Historical Towns in Oxfordshire
A getaway would be incomplete without beauty, relaxation and an abundance of history.
As one of the most conveniently situated hotels in Abingdon, we are the perfect base for your exploration of Oxfordshire.
Abingdon is known as one of Britain’s oldest towns which isn’t surprising considering that it was built around the gates of an abbey that was founded in 675. This historical area also claims to be ‘Britain’s oldest continuously occupied town’ – in medieval times the wool trade was the lifeline of Abingdon whereas brewing, the car industry and hi-tech industries contribute to the economy today.
Visitors can expect to embark on beautiful riverside walks that showcase the local river wildlife and town views; the banks of the Thames are lined with beguiling old properties and there are many ancient monuments. Be sure to visit Abingdon Abbey, Country Hall and St Helen’s Church that dates back to the 13th century.
Banbury dates back to Saxon times and by the 13th century it was an important part of the wool trade. Renowned as one of the best-known towns in England there is plenty to see during a visit here. The Georgian architecture of St Mary’s Church is unmissable, Upton House and Gardens date back to the 17th-century and should you wish to explore the countryside, sections of the old Ironstone railway line still exist. Banbury is also known for its cross but of the original three, only the High Cross which was rebuilt in the middle of the 19th-century remains.
As well as many shops and markets, the town is also well known for its delicious 16th century secret recipe Banbury cakes.
Chipping Norton is the highest town in Oxfordshire. Its woollen mill was built in 1872 and continued production until 1980. During medieval times merchants thrived in the Cotswolds and Oxfordshire, and by the 17th-century there were many beautiful Cotswold stone buildings erected – you will find many of them in Chipping Norton.
A visit here would be incomplete without exploring the church of St Mary the Virgin – it is one of the largest parish churches in Oxfordshire. Surrounded by lush Cotswold countryside, Chipping Norton boasts attractions such as the Neolithic Rollright Stones and is not far from Stow-on-the-Wold and Bourton-on-the-Water.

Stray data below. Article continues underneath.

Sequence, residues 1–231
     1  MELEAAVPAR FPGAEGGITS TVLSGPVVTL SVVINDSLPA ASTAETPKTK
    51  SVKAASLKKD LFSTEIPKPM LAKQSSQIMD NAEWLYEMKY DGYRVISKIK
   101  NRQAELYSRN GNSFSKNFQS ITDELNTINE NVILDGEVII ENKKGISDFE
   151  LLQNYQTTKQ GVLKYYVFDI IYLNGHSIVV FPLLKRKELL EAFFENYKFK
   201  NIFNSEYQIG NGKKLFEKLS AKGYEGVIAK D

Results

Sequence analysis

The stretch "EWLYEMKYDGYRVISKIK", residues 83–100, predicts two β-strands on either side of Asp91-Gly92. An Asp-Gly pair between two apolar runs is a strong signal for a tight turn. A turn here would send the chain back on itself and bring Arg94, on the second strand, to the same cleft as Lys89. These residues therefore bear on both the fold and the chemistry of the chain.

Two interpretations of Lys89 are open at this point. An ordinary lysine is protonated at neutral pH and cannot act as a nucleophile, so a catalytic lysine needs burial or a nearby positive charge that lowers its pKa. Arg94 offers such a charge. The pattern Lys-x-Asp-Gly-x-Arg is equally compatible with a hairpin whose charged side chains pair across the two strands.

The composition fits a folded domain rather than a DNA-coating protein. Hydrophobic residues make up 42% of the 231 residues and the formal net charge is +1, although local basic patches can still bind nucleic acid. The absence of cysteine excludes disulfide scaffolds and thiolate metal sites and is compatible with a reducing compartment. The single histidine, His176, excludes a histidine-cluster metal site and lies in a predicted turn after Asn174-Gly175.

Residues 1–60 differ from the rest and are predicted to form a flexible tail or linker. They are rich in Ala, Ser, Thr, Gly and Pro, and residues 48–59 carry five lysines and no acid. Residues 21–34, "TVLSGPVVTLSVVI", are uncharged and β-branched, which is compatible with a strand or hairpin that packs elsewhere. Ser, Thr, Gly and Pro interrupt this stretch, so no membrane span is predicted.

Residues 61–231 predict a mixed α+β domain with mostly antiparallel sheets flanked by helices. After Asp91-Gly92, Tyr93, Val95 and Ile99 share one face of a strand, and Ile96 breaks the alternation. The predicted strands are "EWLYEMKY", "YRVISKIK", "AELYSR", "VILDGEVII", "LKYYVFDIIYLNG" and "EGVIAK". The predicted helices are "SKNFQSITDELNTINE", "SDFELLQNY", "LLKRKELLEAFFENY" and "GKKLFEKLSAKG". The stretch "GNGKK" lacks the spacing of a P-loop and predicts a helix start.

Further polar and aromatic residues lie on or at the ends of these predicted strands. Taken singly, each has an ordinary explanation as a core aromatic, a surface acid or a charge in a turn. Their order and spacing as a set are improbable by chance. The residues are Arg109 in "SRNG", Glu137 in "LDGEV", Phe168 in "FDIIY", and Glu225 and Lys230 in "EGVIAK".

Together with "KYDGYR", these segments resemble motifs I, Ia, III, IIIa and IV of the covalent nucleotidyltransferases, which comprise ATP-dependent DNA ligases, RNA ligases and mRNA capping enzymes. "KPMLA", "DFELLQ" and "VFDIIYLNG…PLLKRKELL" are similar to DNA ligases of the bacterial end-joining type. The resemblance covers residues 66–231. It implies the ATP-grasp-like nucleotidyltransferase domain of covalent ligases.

Henley on Thames
Henley on Thames is renowned for being both a shopping and a holiday destination. Many visit for the Henley Regatta; this major international rowing event was first held in 1839 and never fails to grow in popularity each year. Those who spend a day here do so to learn more about the heritage of the area – if this is your reason for visiting then you will be delighted by the Georgian buildings such as Kenton Theatre, but there are a plethora of other examples of architecture including 14th century Chantry House, Speakers House, 16th century St Mary’s Church and the arched bridge from 1786.
From enjoying the riverbanks to the houses and quaint cottages, there is plenty to do that includes a spot of retail therapy; visitors also frequent the Shire Horse Centre, the National Trust property of Grays Court and a local history museum.
A true ancient market town, Thame is mentioned in the Doomsday Book of 1087 and boasts plentiful architecture. The parish church of St Mary the Virgin was built during the 13th century and has many notable tombs. Norman in origin with Gothic additions, the church houses an impressive early English font.
Encompassing the town is an abundance of picturesque countryside – you wouldn’t expect anything less in Oxfordshire. In the town itself visitors will find buildings full of character including 15th century abodes and the famous 16th century Spread Eagle inn. In the town centre visitors can enjoy the Victorian town hall, Georgian houses and porches and a mixture of shops. The popular Thame and Oxford Show is also held here.
Woodstock, synonymous with Blenheim Palace, is full of history and a town you must visit when holidaying in Oxfordshire. Construction of the palace was completed in 1722, but it would be many years before it became famous to a new generation for being the birthplace of Sir Winston Churchill. The palace’s gardens emulate the design of those at Versailles – visitors must stop by to witness them on their trip.
The history of Woodstock doesn’t end there. It is believed that English kings stayed here before the Norman Conquest and modern-day guests can expect to see buildings from the 18th century such as the town hall – not forgetting Fletchers house of 17th century origin. Popular for shopping and the Dorn and Evenlode rivers, Woodstock is a prime example a historical town.
If you are looking for hotels in Oxfordshire, look no further.
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